For worship leaders, I think there are some practical steps we need to put into place in order to see this happen. I believe and have seen that when we focus on the concept of mentoring, we have the potential to leave a legacy that lives on and on.

DROP YOUR EGO - Being on a stage every week is an interesting responsibility. Everyone knows you, but you probably do not know everyone in your church, especially if it’s a large one. People admire you and look to you for leadership, and if you gain their respect, they follow you. It’s fantastic, but it’s also dangerous if your heart does not stay in check. If you’re not careful, the stage can feed your pride and ego instead of an opportunity for you to feed the flock. That is why it is so important to mentor and empower someone. It forces you to drop your ego and say “NO” to the lie that all of your value is found in what you do on the stage. Proverbs 16:18 says, “Pride goes before destruction, a haughty spirit before a fall.” When leaders fail to drop their own ego, their ego tends to drop them. Depending on how high your arrogance is, the ride down could be a pretty painful one. Mentorship is nearly impossible when the teacher is consumed by ego, because self-centeredness impedes the ability to care about anyone else’s success, except their own.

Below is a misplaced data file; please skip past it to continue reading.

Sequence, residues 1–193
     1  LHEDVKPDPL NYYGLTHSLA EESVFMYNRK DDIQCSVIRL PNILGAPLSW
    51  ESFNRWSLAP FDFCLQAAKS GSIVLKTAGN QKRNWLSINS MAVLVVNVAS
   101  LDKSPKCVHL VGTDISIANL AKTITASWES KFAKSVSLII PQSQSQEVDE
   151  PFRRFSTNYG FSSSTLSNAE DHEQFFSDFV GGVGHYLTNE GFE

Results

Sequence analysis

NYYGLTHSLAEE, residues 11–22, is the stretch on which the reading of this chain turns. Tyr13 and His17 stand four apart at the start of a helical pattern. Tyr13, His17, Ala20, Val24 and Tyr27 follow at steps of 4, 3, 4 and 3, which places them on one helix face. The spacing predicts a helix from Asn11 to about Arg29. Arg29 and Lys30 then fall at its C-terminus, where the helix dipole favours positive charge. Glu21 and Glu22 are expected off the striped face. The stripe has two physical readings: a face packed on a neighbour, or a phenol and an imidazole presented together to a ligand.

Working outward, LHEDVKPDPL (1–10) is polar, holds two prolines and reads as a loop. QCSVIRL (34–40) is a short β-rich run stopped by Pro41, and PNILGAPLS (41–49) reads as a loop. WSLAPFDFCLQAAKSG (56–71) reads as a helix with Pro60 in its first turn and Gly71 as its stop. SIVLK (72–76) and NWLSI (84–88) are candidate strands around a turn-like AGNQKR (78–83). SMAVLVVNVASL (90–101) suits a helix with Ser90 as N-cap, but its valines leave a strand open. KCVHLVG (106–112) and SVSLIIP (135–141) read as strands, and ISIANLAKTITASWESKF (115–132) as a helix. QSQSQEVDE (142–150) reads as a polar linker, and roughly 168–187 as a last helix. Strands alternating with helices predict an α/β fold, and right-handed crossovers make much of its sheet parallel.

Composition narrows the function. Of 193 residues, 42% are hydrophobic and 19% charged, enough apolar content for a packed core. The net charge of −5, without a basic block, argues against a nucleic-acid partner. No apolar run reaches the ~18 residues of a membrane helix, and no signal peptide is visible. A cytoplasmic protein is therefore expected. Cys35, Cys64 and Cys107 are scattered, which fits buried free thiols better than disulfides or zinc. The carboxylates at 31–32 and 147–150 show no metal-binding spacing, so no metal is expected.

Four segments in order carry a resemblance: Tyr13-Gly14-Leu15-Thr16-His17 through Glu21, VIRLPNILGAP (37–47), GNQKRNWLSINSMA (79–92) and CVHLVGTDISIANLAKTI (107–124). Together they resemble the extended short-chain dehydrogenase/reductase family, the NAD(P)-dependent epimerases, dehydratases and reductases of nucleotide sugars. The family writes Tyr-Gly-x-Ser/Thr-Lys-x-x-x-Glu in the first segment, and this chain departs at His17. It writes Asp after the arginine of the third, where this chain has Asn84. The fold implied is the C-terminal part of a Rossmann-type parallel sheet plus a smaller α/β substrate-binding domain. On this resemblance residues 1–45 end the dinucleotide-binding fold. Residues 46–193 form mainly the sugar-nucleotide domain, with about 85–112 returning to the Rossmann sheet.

SHARE THE SPOTLIGHT - Sharing the spotlight can be literal or figurative or both. Whether you have the position, attention or the actual lighting equipment, it’s important to the success of the one you are mentoring that you gradually and intentionally spotlight them. Obviously, you want to make sure to give them worship leading opportunities. Start by giving them songs in a set and eventually they should be giving you days off. It’s also important to know and teach them that it’s not about their ego. When it comes to church and worship, it’s not about anyone’s glory except for God’s. Make Psalm 115:1 a theme verse: “Not to us, Lord, not to us but to Your name be the glory, because of Your love and Your faithfulness.” Recognizing the light of the world together is the most amazing way to share the spotlight.